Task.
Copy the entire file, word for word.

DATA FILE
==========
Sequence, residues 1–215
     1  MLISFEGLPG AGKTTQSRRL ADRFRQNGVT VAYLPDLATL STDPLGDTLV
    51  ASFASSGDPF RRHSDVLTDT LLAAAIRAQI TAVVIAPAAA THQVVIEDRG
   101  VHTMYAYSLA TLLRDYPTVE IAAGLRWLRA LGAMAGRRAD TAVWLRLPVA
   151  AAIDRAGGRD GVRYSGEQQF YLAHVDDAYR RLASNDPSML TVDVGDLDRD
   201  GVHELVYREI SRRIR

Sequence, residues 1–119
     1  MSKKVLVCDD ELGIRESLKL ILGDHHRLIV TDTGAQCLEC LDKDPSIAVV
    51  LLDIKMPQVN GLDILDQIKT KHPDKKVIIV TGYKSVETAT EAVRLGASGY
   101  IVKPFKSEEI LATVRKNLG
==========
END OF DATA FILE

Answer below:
Sequence, residues 1–215
     1  MLISFEGLPG AGKTTQSRRL ADRFRQNGVT VAYLPDLATL STDPLGDTLV
    51  ASFASSGDPF RRHSDVLTDT LLAAAIRAQI TAVVIAPAAA THQVVIEDRG
   101  VHTMYAYSLA TLLRDYPTVE IAAGLRWLRA LGAMAGRRAD TAVWLRLPVA
   151  AAIDRAGGRD GVRYSGEQQF YLAHVDDAYR RLASNDPSML TVDVGDLDRD
   201  GVHELVYREI SRRIR

Sequence, residues 1–119
     1  MSKKVLVCDD ELGIRESLKL ILGDHHRLIV TDTGAQCLEC LDKDPSIAVV
    51  LLDIKMPQVN GLDILDQIKT KHPDKKVIIV TGYKSVETAT EAVRLGASGY
   101  IVKPFKSEEI LATVRKNLG